While the genre of Romance Fiction cuts a wide swath between the happily-ever-after Chick Lit comedies to the strains and stains of Dark Erotica, the Gothic Tale cuts a winding moonlit path right across the middle. From Charlotte Bronte’s Jane Eyre to Daphne DuMaurier’s Rebecca to Stephanie Myer’s Twilight series, Gothic Romance seeks to explore the mysteries of love, paying special attention to the dark side.
There are reports of the euphoria that attended reading tours by Charles Dickens during his time as the world’s most popular novelist. And, in that sense, there was a Dickensian atmosphere in the Royal Hall in Harrogate last week, as JK Rowling was interviewed on stage.
The twelve essays in this collection go a long way toward correcting the mistaken impression that Bram Stoker wrote only a single Gothic work, Dracula 1897, or, more damaging, that he was a second-rate writer whose neurosis erupted into a modern myth. Indeed the Preface announces that "Stoker’s work blends the Gothic with the discourses of politics, sexuality, medicine and national identity to produce texts that may be read by a variety of critical methodologies" ix, and the accompanying essays demonstrate how Stoker blends the Gothic with fields that seem antithetical to its preoccupation with mystery — politics, medicine, and science, to mention a few.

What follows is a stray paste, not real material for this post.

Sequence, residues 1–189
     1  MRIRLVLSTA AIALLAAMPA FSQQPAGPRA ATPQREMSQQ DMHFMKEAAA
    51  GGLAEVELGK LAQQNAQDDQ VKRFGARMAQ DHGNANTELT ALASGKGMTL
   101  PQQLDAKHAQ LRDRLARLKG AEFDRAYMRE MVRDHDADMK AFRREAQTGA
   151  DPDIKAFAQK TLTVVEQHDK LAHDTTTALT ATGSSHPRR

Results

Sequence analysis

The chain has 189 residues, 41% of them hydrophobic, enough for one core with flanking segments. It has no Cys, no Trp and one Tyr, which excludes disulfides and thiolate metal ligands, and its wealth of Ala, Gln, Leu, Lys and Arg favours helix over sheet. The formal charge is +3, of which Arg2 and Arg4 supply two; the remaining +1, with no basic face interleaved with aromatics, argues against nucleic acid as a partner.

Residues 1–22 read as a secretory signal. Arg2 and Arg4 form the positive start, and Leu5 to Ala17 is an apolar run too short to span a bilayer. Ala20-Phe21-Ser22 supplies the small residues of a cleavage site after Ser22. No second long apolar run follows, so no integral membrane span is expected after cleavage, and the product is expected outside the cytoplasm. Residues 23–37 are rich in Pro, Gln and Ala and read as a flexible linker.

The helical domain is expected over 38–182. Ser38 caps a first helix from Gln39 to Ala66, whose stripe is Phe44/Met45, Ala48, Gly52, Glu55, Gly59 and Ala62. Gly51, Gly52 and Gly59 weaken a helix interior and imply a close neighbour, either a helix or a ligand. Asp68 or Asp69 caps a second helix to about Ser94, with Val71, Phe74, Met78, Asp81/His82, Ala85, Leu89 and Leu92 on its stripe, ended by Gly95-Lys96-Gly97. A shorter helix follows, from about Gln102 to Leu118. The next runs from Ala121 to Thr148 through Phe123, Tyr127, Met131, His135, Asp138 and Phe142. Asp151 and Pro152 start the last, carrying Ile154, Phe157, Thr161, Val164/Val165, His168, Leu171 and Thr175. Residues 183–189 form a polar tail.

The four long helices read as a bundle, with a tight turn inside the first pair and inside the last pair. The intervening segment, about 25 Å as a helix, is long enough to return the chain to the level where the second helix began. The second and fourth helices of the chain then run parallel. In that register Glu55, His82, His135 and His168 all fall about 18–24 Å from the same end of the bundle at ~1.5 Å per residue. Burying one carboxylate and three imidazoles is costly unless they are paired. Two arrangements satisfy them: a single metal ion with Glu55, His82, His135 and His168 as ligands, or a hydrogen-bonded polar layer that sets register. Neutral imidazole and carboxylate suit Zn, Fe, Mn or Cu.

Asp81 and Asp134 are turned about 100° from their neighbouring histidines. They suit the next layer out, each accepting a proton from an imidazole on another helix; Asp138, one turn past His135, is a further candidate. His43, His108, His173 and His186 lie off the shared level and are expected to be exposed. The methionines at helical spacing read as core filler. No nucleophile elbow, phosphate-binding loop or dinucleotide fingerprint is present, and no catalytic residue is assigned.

LIMERICK is set to celebrate its dark side as the city will host Ireland’s first major gothic conference and festival from October 22 to 25.
A 540-year-old book, known as the first to be printed in the English language, has sold at auction for more than £1m.
Raw sexual energy, and society’s need to curb its wilder excrescences, are themes which bubble constantly just below the surface in the myth of the vampire. But in Liz Lochhead’s feminist Dracula the sexual politics implicit in the original become explicit and are held up for scrutiny.